Another tool I used for measuring parallel performance was Threadscope. This nifty program visualizes CPU load during program execution as well as garbage collection and some other events like activating threads or putting them to sleep. Threadscope provided me with some insight into what is going on when I run my program. Information from it was very valuable although I couldn’t use it to get the most important information I needed for a multi-threaded code: “how much time does the OS need to start multiple threads and synchronize them later?”.

As already mentioned, one of my goals for this project was to learn various parallelization techniques and libraries. This resulted in implementing algorithms described above in a couple of ways. First of all I used three different approaches to handle cyclic wrap-around of the signal between the layers:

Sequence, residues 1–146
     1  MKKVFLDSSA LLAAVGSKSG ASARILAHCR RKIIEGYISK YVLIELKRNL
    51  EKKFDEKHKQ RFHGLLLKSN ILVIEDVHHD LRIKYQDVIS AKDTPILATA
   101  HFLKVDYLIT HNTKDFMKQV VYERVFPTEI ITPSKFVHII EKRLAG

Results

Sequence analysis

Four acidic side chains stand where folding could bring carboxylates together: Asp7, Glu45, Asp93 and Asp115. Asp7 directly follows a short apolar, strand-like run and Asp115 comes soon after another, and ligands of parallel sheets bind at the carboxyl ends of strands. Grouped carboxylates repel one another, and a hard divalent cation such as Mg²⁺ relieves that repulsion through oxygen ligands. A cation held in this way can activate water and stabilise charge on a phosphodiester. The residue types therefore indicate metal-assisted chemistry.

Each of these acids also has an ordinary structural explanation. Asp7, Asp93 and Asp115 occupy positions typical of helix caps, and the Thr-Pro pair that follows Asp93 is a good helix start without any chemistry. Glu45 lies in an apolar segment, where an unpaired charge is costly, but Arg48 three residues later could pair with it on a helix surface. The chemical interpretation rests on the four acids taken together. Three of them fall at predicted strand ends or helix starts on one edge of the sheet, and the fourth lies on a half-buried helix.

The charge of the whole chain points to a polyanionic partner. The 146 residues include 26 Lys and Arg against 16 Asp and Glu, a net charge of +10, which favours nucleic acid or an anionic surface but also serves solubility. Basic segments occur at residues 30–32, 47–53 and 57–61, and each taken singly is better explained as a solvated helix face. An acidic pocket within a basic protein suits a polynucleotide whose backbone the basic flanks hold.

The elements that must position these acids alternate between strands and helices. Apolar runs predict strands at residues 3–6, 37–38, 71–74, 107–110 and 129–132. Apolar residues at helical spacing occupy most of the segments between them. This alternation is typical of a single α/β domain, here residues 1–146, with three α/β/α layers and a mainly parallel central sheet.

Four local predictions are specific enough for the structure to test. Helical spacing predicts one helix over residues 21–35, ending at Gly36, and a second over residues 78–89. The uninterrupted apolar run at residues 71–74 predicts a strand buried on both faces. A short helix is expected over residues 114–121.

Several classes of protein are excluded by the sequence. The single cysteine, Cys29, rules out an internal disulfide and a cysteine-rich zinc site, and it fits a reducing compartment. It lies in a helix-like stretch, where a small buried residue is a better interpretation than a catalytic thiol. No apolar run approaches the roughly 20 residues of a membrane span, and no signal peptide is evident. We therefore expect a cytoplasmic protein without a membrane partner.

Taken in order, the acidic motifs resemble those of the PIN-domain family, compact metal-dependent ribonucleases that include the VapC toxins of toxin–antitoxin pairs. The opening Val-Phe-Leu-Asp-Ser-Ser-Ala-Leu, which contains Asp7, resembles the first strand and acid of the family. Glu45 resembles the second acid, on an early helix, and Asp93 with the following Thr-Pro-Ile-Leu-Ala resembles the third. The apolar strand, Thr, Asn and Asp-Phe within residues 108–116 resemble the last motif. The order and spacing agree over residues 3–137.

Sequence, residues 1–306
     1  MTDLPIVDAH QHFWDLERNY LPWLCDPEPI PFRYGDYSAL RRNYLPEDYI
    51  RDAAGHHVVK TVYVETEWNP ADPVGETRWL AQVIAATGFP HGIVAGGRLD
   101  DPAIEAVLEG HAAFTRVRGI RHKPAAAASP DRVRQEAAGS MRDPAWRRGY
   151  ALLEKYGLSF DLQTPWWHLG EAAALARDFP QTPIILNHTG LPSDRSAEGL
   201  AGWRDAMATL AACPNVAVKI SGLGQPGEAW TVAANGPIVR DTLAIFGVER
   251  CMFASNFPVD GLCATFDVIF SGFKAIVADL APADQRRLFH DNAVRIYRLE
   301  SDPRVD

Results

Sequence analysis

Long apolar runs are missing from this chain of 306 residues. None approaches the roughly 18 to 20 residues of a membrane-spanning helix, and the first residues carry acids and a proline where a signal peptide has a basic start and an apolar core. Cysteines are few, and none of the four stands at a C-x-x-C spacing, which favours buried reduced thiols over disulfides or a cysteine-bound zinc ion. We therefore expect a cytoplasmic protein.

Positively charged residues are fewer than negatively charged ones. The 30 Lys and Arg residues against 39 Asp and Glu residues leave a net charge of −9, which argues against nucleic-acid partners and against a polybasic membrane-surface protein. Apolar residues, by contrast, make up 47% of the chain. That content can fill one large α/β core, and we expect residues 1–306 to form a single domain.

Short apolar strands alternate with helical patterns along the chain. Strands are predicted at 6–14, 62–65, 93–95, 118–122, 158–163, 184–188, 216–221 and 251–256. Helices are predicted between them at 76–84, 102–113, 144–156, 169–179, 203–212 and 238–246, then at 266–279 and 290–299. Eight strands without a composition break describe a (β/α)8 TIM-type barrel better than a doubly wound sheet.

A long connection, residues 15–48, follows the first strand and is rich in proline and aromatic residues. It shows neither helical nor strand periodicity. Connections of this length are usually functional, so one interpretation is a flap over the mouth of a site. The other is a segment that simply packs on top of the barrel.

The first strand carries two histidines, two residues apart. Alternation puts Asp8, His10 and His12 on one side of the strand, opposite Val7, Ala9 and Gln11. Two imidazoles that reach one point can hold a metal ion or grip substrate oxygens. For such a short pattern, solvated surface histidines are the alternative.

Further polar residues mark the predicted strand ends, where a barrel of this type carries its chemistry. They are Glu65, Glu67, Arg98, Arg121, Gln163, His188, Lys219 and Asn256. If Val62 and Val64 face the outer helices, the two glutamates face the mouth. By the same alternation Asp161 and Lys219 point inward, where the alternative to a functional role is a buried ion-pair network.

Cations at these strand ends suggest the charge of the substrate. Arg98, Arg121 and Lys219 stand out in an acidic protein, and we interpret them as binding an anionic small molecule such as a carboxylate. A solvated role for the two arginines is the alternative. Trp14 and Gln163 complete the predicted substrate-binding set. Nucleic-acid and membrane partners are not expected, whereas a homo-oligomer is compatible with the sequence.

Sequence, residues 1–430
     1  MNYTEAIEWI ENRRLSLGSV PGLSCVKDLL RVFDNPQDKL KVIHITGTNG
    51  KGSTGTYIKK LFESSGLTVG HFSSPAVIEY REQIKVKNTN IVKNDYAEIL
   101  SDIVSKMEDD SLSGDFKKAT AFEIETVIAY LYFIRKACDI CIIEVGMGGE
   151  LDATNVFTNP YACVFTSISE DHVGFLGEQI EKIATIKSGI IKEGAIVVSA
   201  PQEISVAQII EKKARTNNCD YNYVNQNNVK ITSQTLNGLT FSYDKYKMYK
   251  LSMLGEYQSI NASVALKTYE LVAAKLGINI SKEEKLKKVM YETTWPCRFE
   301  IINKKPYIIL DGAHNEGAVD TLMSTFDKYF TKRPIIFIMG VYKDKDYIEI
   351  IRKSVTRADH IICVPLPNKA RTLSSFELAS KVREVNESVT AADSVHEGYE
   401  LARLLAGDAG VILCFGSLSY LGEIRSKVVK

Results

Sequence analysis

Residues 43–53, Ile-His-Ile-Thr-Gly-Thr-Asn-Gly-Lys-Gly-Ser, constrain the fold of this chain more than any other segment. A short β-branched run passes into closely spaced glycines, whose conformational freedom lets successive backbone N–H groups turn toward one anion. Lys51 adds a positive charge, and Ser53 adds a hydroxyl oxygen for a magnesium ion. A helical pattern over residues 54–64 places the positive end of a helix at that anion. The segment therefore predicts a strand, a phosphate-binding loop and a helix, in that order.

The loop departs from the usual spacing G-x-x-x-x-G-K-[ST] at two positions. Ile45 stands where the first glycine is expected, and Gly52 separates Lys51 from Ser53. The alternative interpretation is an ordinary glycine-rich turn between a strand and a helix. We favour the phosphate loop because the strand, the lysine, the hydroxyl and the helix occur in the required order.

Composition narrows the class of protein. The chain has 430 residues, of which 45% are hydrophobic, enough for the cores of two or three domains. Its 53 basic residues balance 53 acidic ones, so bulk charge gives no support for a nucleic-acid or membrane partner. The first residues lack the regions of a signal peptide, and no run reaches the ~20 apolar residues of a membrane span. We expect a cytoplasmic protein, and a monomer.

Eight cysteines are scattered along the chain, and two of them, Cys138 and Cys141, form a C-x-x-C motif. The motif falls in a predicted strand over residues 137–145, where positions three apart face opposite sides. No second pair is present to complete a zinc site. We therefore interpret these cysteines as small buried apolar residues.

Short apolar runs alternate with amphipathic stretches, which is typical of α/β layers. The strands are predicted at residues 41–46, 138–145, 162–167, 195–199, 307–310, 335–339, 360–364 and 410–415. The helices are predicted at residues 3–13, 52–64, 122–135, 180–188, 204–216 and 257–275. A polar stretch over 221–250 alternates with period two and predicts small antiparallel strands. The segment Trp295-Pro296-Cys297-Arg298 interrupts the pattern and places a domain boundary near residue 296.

**cyclic shift**– after computing one layer perform a cyclic shift of the intermediate transformed signal. First element of the signal becomes the last, all other elements are shifted by one to the front. This is rather inefficient, especially for lists.**signal extension**– instead of doing cyclic shift extend the initial signal and then shorten it after each layer (this approach is required for the second parallelization strategy but it can be used in the first one as well). Constructing the extended signal is time consuming but once lattice structure computations are started the transition between layers becomes much faster for lists. For other data structures, like vectors, it is time consuming because my implementation creates a new, shorter signal and copies data from existing vector to a new one. Since vectors provide constant-time indexing it would be possible to avoid copying by using smarter indexing. I don’t remember why I didn’t implement that.**smart indexing**– the most efficient way of implementing cyclic wrap-around is using indexing that shifts the base operations by one on the odd layers. Obviously, to be efficient it requires a data structure that provides constant-time indexing. It requires no copying or any other modification of output data from a layer. Thus it carries no memory and execution overhead.